Curious observers of this year’s presidential election have heard for months now that, because of Donald Trump’s near-certain nomination next month—skip the breathless Twitter posts yet again predicting a revolt against the Queens celebrity—the Republican Party is “dead.” Sad! Granted, some of this comes from disaffected right-leaning pundits who believe Trump’s a moral stain on the GOP—even though they actively rooted for Ted Cruz, the most dangerous demagogue in the Senate today—and too liberal. Sad! I’d say that Weekly Standard editor Bill Kristol’s in worse shape than Trump: should the candidate lose, he’ll go back to making money, screwing investors, and probably wind up with a lucrative late-night TV show. But Kristol, whose currency is accurate political commentary, may never recover. Mucho sad!
Far worse, in my opinion, is the greater number of left-leaning pundits who also parrot the “GOP is dead” line and act as if they care. Let’s be honest—a quality in short supply this year—and acknowledge that most of these men and women would like nothing better than for the Republicans to self-destruct. They’re partisan, exemplified by Thomas Friedman’s hand-wringing over the fate of the two-party system—which will survive just as surely as print media will further disintegrate by the next presidential elections—a trope so transparent that the remaining copy editors at his place of employ, The New York Times, likely have a drinking game when Friedman’s sent-from-a-Silver Spring cab copy arrives.
In the past day—and these weighty proclamations appear by the hundreds each week—the biggest whopper came from Friedman’s colleague Frank Bruni, whose Sunday column set a personal record for absence of content, which, by now, is hard to pull off. At least Friedman doesn’t try to be funny, whereas Bruni, when not talking to anonymous “insiders” from the GOP, sprinkles inane one-liners that may or may not crack him, and only him, up. Tres sad! Guilty Pleasure Sad! Sinfully rich sad! Bruni, at one time, though this was eons ago, a pretty good political reporter, is beyond auto-pilot, and it must burn the butts of lower-level Times editorial employees who later this year will either accept buyouts or take a pink slip, while Bruni, with his six-figure salary, fixes himself sandwiches larded with artisanal mustard and pickles. Bruni lets his readership know that scads of Republican “luminaries” are boycotting the Cleveland convention that starts in Cleveland on July 18th, as if that’s news. Really, why would Jeb Bush attend after he was whipsawed by Trump in the debates?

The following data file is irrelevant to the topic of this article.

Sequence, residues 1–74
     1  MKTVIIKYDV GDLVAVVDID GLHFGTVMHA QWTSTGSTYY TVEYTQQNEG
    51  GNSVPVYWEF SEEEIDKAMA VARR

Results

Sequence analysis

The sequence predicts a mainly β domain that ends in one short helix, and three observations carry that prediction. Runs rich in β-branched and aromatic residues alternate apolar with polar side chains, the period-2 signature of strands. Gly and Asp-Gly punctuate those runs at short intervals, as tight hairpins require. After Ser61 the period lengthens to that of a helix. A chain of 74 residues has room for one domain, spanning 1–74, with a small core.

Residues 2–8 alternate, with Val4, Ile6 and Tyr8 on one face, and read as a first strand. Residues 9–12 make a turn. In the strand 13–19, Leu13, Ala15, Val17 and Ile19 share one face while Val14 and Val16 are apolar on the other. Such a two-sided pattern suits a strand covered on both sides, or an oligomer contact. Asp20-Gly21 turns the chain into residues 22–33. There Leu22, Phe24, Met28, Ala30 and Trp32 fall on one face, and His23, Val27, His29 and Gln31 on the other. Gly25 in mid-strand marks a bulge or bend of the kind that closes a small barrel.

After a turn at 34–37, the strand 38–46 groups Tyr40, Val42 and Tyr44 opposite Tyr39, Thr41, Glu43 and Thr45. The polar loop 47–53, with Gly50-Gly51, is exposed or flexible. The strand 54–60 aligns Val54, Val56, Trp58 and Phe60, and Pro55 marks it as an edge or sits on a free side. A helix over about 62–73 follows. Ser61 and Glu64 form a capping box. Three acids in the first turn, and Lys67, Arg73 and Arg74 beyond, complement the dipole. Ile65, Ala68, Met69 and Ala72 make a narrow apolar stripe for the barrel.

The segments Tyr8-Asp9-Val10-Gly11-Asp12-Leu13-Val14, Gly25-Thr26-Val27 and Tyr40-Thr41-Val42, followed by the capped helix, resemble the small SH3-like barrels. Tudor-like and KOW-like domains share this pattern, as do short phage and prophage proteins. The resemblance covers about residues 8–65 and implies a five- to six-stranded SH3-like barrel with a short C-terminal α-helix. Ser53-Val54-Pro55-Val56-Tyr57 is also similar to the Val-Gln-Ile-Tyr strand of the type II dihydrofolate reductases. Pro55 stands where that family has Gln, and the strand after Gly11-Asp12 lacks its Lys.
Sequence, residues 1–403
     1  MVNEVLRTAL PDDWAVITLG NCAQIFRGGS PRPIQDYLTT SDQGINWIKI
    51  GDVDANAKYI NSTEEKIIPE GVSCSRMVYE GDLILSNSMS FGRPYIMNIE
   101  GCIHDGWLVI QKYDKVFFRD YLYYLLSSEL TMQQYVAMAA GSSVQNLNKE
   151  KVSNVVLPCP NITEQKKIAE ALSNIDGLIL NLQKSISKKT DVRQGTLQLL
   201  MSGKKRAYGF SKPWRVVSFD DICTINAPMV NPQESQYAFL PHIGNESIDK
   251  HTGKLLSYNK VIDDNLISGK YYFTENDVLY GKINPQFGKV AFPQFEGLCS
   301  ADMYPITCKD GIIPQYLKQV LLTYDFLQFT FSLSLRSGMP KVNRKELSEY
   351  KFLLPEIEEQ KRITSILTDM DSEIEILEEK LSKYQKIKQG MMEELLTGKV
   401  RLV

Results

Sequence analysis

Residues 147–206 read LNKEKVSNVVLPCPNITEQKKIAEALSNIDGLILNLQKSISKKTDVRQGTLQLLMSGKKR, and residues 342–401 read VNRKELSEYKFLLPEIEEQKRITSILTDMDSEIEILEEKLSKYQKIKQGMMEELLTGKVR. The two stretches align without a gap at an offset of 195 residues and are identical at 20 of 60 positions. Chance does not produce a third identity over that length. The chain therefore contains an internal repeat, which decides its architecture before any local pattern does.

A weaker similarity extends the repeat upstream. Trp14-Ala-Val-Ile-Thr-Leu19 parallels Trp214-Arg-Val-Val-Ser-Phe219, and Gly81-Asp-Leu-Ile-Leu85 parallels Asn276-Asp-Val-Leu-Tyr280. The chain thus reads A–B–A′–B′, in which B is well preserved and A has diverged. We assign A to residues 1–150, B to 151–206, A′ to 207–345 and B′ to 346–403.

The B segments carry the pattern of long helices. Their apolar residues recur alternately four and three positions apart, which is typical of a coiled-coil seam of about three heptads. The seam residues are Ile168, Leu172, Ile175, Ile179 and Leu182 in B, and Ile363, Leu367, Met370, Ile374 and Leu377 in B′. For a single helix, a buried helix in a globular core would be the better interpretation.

Bruni: “Small wonder that one of Trump’s advisers recently suggested that the candidate not wait until the climactic hour to deliver his remarks but, in a break with precedent [jeepers, Trump “breaking” with precedent, haven’t seen that yet!], speak every single night. Not just double Donald. No mere triple Trump. Four luscious scoops of him.”
So what? Why would anyone expect a normal convention from Trump after witnessing the past 12 months?
But here’s where Bruni gets punch-drunk on his presumption of civic responsibility, writing that the Cleveland gathering will be “four excruciating days that will be light on appropriate speakers, short on cash and long on God-knows-what other than the music of Trump’s voice and the shimmer of Trump’s hair.” In a strange twist, Hillary Clinton’s coronation comes just a week after the Republicans meet, and I’m guessing Bruni believes the podium will be stacked with “appropriate” speakers. And who would those worthies be? Nancy Pelosi, Bill Clinton, Chuck Schumer, Al Gore, John Kerry, Andrew Cuomo, at least one Kennedy and—probably at one a.m.—Elizabeth Warren? Yawn. No wonder no one watches conventions anymore.
But even if he’s down 30 points in the daily barrage of polls, you know that Trump’s convention will pull in the biggest batch of ratings since 1968. Whether it’s rubber-necking Democrats, legitimate Trump supporters, or Americans eager to witness the ultimate reality show, the viewers will be tuned in, much to the delight of TV executives.
Not according to Bruni: “It’s an idea where narcissism meets necessity. And it’s reason to take that trip to the Arctic Circle that you’ve long fantasized about. Make sure that you’re beyond the range of the internet, and think about staying through Nov. 8.” Can you spell c-o-n-d-e-s-c-e-n-s-i-o-n? I’m not supporting either candidate, but who in their right mind—at least those fascinated by American political and pop culture—is going to miss Trump at the podium? On the other hand, you couldn’t pay me to watch Hillary give her acceptance speech. I’d rather go to a lecture on the difficulties facing the City Council in East Cupcake, Iowa.
—Follow Russ Smith on Twitter: @MUGGER1955